Cambodia's Relative Peace Brings the Challenges of Growth

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Workers scale one of the skyscrapers under construction in Cambodia.
Last Sunday, more than 8 millions Cambodians were called to vote. This is already the fourth general elections since the 1991 Paris Peace Agreement. Many – including me before I moved to our Phnom Penh office last summer – still connect Cambodia first to what we learned in history classes. The splendor of the Angkor civilization and the atrocities of the Khmer Rouge regime probably come on top of the list. And there is some truth to that. Angkor Wat and its neighboring temples remain magnificent. The Khmer Rouge regime has left deep stigma for the people and for the society. The Khmer Rouge tribunal is attracting a lot of international attention as well. Most landmine fields have been cleared, although there remain some in more remote areas.

But, for all this, this connection more and more misses a key fact: over the last couple of years, Cambodia has achieved a relative peace that has enabled dramatic social and economic change.

Consider this. The income per capita was less than $200 after the Paris Agreement (in today’s terms) – it is about to reach $600 this year. Almost 8 out 10 were living out of agriculture – and 2 of those 8 now live out of industries or services.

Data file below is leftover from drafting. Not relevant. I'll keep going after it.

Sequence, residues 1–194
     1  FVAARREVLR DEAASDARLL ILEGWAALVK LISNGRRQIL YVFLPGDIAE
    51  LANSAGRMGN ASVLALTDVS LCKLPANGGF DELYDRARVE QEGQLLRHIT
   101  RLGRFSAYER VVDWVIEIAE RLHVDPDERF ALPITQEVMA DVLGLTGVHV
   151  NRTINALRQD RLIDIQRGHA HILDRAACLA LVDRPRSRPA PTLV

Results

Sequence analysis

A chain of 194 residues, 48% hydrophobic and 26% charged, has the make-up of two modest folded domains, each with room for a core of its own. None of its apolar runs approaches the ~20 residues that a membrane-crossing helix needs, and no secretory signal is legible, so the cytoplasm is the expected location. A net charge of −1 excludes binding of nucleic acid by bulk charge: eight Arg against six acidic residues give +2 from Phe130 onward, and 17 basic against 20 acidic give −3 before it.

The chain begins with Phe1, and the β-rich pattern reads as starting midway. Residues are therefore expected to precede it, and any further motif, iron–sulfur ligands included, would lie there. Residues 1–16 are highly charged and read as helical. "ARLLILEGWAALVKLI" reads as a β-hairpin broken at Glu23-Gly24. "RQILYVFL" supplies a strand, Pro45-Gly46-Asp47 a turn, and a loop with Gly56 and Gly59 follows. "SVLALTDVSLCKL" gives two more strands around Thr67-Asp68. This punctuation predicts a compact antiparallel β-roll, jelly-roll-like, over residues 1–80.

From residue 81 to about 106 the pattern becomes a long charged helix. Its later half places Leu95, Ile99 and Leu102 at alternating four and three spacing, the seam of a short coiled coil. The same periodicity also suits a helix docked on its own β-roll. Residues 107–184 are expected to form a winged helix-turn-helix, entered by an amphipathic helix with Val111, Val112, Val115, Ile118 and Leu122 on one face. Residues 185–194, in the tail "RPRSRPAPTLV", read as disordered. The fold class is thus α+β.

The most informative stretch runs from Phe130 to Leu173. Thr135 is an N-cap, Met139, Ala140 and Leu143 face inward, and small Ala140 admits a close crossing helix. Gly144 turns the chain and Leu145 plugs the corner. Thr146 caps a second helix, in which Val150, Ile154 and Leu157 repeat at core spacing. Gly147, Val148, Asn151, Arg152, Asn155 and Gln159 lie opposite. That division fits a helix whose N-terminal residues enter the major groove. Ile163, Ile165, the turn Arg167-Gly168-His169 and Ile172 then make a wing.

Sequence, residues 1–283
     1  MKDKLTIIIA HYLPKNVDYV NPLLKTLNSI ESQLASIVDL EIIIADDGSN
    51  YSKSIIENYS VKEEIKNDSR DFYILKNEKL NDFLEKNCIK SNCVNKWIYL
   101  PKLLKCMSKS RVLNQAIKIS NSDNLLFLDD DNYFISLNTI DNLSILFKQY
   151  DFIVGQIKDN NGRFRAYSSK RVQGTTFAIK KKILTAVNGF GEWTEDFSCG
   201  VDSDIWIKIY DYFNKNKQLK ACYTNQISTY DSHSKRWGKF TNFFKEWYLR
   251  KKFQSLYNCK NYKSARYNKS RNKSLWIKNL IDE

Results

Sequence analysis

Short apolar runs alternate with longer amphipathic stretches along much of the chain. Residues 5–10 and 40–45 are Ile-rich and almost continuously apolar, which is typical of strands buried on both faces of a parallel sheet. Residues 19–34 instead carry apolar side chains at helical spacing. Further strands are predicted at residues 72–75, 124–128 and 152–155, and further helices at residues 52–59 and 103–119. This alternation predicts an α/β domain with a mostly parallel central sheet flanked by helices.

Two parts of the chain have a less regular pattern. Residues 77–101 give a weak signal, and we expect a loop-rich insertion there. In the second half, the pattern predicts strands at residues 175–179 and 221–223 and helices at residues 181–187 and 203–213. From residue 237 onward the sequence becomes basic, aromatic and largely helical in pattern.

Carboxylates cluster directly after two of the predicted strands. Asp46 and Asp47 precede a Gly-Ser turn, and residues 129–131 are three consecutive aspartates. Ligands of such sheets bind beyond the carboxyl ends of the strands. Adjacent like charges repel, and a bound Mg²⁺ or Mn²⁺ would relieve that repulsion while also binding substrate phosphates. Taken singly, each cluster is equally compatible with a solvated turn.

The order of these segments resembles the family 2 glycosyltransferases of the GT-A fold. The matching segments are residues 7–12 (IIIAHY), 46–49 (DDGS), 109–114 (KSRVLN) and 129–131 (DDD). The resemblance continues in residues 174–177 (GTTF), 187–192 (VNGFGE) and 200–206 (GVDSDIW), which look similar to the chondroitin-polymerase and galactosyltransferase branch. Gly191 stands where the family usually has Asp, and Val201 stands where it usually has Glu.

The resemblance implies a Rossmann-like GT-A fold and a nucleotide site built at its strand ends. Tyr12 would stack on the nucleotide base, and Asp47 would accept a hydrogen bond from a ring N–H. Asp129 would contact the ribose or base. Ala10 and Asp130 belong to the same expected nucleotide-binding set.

These changes are for all to see when you visit Phnom Penh: traffic jams have been invented here as well; construction is booming; skyscrapers are said to be coming off the ground… These changes are also visible for the visitors of Angkor Wat, some of whom must already miss the time when Angkor Wat was a “happy few” destination. These changes must also be evident to the foreign investors who have set foot in Cambodia in recent years.

These trends are barely beginning to address the widespread poverty in Cambodia. They also come with their flipsides. They don’t address all the issues faced by Cambodians as land rights remain particularly weak and governance issues deep. But, as the Growth Commission put it, economic growth is a “necessary condition for the achievement of a wide range of objectives that people and societies care about”. And sustaining the rapid growth Cambodia has been enjoying – almost 10 percent per annum for 10 years – will be difficult.

 With my colleagues from the World Bank and other development partners, I am now working with the government on understanding these past sources of growth and outlining how to sustain such rapid growth. I will put some notes about this work on this blog in the next couple of weeks. In the meanwhile let me know your ideas about where Cambodia sources of growth lie.

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